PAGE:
William Safire popularized the phrase “if by whiskey…” in his columns, and defined it in his Political Dictionary as, “Taking both sides of an issue; equivocating; a political straddle”. The term originates from a speech given by Soggy Sweat, a 1950s Mississippi legislator, master of irony, and a real character to boot:

My friends,

I had not intended to discuss this controversial subject at this particular time. However, I want you to know that I do not shun controversy. On the contrary, I will take a stand on any issue at any time, regardless of how fraught with controversy it might be. You have asked me how I feel about whiskey. All right, here is how I feel about whiskey.

A little context: Mississippians staggered to the polls and voted dry until 1966, when they finally became residents of the last state to decriminalize the sale of alcohol. The topic of banning/regulating/allowing alcohol was present for every politician in every campaign, and surprise, surprise, most made a habit of supporting whichever position the listener wanted to hear. For example, a group of teetotalling nuns would be told something like the next part of Soggy’s speech:

If when you say whiskey you mean the devil’s brew, the poison scourge, the bloody monster, that defiles innocence, dethrones reason, destroys the home, creates misery and poverty, yea, literally takes the bread from the mouths of little children; if you mean the evil drink that topples the Christian man and woman from the pinnacle of righteous, gracious living into the bottomless pit of degradation, and despair, and shame and helplessness, and hopelessness, then certainly I am against it.

Sounds like most politicians today on the subject of marijuana, not to mention the “hard drugs”. But Soggy continued his speech on the floor of the house:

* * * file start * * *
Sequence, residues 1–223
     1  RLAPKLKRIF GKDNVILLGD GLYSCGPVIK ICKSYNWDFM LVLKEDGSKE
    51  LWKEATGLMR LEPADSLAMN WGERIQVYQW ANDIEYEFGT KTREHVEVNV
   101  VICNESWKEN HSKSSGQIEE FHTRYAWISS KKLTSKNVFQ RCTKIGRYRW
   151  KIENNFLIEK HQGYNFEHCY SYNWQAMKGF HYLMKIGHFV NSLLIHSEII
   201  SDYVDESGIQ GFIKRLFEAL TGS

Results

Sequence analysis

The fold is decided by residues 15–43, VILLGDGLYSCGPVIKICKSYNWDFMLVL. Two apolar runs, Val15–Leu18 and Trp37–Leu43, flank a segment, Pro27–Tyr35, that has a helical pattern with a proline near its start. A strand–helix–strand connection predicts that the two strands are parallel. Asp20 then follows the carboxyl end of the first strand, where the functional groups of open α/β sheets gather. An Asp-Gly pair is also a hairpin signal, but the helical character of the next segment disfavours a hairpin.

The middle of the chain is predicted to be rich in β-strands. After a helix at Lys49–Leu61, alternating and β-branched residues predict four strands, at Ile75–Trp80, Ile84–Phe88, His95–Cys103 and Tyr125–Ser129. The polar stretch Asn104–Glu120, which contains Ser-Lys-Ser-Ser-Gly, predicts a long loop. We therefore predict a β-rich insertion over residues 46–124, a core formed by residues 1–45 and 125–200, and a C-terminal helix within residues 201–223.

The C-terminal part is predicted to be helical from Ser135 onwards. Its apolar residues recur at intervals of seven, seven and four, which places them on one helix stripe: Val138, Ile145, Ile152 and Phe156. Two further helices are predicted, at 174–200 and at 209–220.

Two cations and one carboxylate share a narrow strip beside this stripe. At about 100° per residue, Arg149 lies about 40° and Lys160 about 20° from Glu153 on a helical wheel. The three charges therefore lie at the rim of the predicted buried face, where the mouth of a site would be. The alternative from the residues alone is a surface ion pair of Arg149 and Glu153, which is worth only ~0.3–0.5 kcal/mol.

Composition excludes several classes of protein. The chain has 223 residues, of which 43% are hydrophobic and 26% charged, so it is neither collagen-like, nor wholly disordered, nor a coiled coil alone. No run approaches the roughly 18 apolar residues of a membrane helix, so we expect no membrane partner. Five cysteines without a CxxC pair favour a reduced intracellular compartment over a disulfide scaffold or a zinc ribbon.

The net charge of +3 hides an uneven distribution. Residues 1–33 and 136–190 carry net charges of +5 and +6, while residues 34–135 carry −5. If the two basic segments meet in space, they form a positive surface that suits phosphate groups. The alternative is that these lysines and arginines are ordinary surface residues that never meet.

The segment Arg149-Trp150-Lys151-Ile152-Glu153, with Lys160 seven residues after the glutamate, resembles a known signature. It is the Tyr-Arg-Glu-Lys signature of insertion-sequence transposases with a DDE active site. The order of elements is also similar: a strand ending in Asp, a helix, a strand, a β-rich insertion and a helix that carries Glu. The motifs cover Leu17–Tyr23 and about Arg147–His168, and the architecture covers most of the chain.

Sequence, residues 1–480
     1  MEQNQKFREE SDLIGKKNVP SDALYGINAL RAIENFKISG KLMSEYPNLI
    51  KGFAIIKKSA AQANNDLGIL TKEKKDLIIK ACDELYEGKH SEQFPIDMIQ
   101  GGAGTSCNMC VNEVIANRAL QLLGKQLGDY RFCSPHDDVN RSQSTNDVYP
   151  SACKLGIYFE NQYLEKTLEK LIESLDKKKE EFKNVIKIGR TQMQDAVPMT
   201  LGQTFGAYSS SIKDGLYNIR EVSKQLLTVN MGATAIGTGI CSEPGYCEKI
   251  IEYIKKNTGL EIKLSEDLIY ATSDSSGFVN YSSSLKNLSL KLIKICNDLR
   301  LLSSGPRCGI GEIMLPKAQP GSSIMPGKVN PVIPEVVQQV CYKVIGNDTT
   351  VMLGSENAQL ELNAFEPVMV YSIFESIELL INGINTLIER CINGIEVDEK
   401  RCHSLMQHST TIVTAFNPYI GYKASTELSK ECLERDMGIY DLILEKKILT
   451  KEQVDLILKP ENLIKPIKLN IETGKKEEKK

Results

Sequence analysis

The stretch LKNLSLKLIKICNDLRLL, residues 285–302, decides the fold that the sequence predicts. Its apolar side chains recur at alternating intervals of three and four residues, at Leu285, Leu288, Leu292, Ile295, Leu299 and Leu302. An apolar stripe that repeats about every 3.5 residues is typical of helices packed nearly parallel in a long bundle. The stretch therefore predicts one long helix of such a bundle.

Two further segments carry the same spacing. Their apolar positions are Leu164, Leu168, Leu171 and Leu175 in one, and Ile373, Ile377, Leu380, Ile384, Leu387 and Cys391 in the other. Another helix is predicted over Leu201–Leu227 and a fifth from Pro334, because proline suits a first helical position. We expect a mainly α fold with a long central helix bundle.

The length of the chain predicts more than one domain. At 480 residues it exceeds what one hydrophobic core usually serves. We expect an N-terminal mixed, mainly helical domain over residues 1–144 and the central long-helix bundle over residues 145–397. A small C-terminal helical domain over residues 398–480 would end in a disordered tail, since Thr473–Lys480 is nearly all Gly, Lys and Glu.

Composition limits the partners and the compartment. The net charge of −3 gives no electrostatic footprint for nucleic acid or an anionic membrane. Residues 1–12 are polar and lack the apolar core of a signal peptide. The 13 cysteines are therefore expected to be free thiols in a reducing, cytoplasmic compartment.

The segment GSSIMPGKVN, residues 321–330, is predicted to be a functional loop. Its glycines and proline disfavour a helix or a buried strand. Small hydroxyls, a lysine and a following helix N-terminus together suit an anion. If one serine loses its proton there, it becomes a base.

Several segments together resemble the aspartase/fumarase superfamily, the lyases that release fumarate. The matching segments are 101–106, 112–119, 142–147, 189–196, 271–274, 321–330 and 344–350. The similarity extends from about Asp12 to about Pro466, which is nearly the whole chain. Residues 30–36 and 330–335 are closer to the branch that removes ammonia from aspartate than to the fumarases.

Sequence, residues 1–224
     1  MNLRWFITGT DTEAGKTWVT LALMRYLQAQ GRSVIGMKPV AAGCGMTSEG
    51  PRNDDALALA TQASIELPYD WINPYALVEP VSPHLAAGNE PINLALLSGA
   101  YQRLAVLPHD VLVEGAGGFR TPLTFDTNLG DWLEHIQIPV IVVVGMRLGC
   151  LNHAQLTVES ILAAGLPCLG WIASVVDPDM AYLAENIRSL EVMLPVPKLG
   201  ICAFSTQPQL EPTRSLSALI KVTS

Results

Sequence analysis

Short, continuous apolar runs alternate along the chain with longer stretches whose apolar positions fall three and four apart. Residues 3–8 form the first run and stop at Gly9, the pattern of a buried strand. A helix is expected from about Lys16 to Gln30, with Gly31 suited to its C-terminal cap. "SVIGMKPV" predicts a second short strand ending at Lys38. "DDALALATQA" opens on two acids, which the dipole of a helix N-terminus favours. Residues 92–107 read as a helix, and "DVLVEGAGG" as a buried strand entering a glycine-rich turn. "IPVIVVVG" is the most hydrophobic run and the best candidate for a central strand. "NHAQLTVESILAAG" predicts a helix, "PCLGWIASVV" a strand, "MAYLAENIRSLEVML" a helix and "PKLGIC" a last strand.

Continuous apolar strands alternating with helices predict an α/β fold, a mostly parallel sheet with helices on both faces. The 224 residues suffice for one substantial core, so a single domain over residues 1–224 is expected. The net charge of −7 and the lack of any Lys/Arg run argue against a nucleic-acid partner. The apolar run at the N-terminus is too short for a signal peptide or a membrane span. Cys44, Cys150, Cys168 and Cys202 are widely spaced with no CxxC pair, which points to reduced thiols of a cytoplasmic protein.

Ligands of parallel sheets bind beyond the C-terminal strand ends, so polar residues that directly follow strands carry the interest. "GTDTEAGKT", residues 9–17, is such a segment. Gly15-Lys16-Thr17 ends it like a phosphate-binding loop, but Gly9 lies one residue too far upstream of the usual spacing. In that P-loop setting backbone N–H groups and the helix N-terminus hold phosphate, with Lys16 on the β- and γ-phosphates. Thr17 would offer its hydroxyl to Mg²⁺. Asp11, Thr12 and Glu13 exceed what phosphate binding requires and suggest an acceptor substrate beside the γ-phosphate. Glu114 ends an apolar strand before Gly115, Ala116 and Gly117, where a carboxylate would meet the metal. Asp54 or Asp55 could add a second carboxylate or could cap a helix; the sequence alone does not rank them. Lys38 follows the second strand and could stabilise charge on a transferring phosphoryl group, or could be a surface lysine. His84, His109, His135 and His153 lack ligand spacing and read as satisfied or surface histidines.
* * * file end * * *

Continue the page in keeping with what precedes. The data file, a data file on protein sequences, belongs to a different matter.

But, if when you say whiskey you mean the oil of conversation, the philosophic wine, the ale that is consumed when good fellows get together, that puts a song in their hearts and laughter on their lips, and the warm glow of contentment in their eyes; if you mean Christmas cheer; if you mean the stimulating drink that puts the spring in the old gentleman’s step on a frosty, crispy morning; if you mean the drink which enables a man to magnify his joy, and his happiness, and to forget, if only for a little while, life’s great tragedies, and heartaches, and sorrows; if you mean that drink, the sale of which pours into our treasuries untold millions of dollars, which are used to provide tender care for our little crippled children, our blind, our deaf, our dumb, our pitiful aged and infirm; to build highways and hospitals and schools, then certainly I am for it.

The speech took him several months to write. I could write every day for the rest of my life and never come up with a sentence that good. He ends with an emphasis on the straddle:

This is my stand. I will not retreat from it. I will not compromise.

Fifteen million Americans regularly use marijuana. Twenty five million inhaled at least once in the last 12 months. Over one hundred million Americans have smoked pot at some point in their lives. (Wouldn’t we better off if that number were even higher? No, no, wait, that’s a controversy I’ll avoid as off topic, at least in this post.)

Of course, marijuana can’t have a Soggy Sweat speech, because the second paragraph would be unwritable. It doesn’t make people violent, they don’t lose their life savings to it (despite the incredibly high de facto tax of criminalization), it doesn’t tend to break up families, people never die from it. Ever.

Perhaps that paragraph might read:

If when you say marijuana you mean the substance that makes twenty five year old Junior sit at home in his Mom’s basement playing Xbox 360 and refusing to get a job, that makes him drive 15 miles an hour to the 7/11 to spend his allowance on a can of Pringles, that contains enough carcinogens that he could get lung cancer – that is, if he smokes it daily and twice on every Sunday for the next several thousand years… then certainly I am against it.

I told you Soggy could have done a better job. Isn’t there a single politician out there that wants to carry on this tradition?

[Hat Tip: Frank Dubois at The Westerner]